When the sandwich nearly became the portsmouth
Bob Burn Murdoch, curator of the Norris Museum in St Ives, writes his history column for The Hunts Post - this week he takes a look at a lunchtime favourite.
THREE hundred and fifty years ago today was a busy time for one Huntingdonshire man.
Samuel Pepys went out early that Saturday morning – July 21, 1660 – to see a Mr Barlow about Pepys’s new job as clerk to the Navy Board.
Barlow also had a claim to the post, so Pepys needed to buy him off.
The two men drew up an agreement and Pepys took it away to be copied.
You may also want to watch:
Then he went to the house of his friend and patron Edward Montagu, back to the clerks’ office to collect his copies and on to a nearby club for dinner and some singing.
He went home to write some letters, out to Whitehall on some business for Montagu and at last “so home and to bed”.
- 1 What are the outstanding primary schools in Huntingdonshire?
- 2 'Savage' attack left man without spleen
- 3 Threatening domestic abuser tracked and assaulted ex partner of 10 years
- 4 Patients avoided going to the doctor out of fear of 'catching Covid'
- 5 Woman jailed for knife-point robbery
- 6 Homebirths suspended at Hinchingbrooke Hospital due to staff shortages
- 7 Hoax caller flouted strict court order after just three days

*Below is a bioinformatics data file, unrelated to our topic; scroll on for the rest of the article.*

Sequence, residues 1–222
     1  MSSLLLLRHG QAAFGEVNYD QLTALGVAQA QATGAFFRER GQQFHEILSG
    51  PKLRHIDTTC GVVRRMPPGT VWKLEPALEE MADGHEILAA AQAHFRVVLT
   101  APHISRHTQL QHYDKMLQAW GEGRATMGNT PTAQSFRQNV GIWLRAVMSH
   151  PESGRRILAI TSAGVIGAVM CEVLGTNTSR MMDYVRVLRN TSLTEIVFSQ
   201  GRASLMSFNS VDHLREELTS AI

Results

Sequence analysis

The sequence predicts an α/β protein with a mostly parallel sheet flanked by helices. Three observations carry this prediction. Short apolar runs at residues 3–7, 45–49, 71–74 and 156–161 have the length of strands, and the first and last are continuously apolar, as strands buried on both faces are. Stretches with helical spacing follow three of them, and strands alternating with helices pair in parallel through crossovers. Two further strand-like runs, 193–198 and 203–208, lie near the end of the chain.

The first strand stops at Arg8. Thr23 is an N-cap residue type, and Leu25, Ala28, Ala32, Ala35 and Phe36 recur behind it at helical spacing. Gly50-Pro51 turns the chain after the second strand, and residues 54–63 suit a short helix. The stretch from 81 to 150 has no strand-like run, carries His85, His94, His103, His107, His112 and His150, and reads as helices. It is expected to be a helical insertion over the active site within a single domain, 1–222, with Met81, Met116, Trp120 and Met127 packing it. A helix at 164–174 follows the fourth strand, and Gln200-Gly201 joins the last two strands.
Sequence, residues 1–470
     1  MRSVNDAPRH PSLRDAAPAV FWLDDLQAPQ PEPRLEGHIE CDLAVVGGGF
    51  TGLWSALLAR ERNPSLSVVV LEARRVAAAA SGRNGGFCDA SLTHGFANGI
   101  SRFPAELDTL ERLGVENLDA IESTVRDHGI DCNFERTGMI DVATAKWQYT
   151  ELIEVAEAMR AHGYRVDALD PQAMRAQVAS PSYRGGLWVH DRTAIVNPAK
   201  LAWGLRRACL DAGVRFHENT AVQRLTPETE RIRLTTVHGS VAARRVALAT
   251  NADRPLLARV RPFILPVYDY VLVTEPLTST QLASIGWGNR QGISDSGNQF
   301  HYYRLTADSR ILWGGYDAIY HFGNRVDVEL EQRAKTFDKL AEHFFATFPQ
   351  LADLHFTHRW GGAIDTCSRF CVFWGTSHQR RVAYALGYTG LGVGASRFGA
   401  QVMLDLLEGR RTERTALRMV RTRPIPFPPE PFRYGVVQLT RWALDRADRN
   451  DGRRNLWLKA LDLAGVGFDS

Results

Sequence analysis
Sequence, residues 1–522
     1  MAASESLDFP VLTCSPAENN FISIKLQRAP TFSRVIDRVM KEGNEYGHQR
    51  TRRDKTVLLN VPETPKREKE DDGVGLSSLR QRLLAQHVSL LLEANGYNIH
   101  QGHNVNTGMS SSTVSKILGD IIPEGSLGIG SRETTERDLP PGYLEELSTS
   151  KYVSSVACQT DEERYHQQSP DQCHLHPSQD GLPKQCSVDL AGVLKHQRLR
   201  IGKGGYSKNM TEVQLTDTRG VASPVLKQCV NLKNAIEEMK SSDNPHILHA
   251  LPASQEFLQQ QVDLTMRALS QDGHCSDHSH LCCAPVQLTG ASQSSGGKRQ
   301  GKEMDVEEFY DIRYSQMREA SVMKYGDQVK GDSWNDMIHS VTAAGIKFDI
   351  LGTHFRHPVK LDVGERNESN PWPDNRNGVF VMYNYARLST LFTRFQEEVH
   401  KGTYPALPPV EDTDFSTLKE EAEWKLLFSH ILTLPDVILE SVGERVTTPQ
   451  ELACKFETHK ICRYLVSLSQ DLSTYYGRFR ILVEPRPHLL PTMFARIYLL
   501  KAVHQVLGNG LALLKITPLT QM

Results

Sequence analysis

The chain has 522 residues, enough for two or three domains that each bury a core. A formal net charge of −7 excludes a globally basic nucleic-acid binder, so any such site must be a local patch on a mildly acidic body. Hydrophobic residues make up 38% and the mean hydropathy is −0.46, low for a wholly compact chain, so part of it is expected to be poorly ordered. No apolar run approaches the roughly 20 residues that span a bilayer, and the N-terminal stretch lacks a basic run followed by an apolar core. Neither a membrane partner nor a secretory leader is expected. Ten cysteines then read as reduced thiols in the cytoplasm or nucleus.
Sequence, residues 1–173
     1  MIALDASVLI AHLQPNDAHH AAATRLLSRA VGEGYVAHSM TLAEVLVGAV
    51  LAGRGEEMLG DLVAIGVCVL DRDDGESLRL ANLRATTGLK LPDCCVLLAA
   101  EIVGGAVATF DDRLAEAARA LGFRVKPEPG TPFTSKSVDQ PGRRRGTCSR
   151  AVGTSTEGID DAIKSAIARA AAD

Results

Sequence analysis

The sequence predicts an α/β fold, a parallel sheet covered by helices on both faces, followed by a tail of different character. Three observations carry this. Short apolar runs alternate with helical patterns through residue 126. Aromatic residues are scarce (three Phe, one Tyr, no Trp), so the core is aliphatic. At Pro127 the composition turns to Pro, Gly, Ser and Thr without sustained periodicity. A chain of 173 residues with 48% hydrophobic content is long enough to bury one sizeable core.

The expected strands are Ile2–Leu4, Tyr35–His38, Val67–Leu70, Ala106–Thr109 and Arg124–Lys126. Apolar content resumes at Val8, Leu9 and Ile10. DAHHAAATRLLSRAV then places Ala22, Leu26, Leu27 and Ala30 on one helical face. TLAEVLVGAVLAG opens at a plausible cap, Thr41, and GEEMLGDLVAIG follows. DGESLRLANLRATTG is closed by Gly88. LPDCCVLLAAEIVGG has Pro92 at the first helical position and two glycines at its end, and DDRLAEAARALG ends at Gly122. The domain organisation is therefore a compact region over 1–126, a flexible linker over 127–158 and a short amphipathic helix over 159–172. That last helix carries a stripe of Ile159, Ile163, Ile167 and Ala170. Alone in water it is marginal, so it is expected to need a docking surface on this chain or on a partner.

- 8 Olive Indian receives service award for a second year
- 9 Delicious dessert shop 'Snik Snax' opens
- 10 Life sentence for Huntingdon paedophile who abused seven girls
Pepys loved bustling about, but today was more than usually important, not just for him but for English history and the English language.
At the time of that busy Saturday, Pepys wasn’t really sure that he wanted the Navy Board job.
But he soon settled into it and was later promoted to be Secretary to the Admiralty. He introduced measures to make naval officers more professional and persuaded Parliament to build more ships.
He is now recognised as an important pioneer of this country’s naval power. His agreement with Mr Barlow was the start of all that.
A more immediate concern on his visit to Whitehall that day was Montagu’s ennoblement.
Montagu was going to be created an Earl in return for his help in restoring Charles II to the throne a few months before.
So where should he be made the Earl of? As he lived at Hinchingbrooke House, the obvious choice would be Huntingdon – but someone was Earl of Huntingdon already.
Montagu held high rank in the Navy so he decided to become Earl of Portsmouth. Then he changed his mind and chose Sandwich – one of the Cinque Ports, with even older naval connections.
On July 26, the new Earl of Sandwich took his seat in the House of Lords.
You don’t need telling the implications.
A century later his descendant, the 4th Earl of Sandwich, had the idea of putting a slice of meat between two pieces of bread, and the original fast food was named after him.
If Edward Montagu hadn’t changed his mind 350 years ago we’d all be eating portsmouths instead of sandwiches!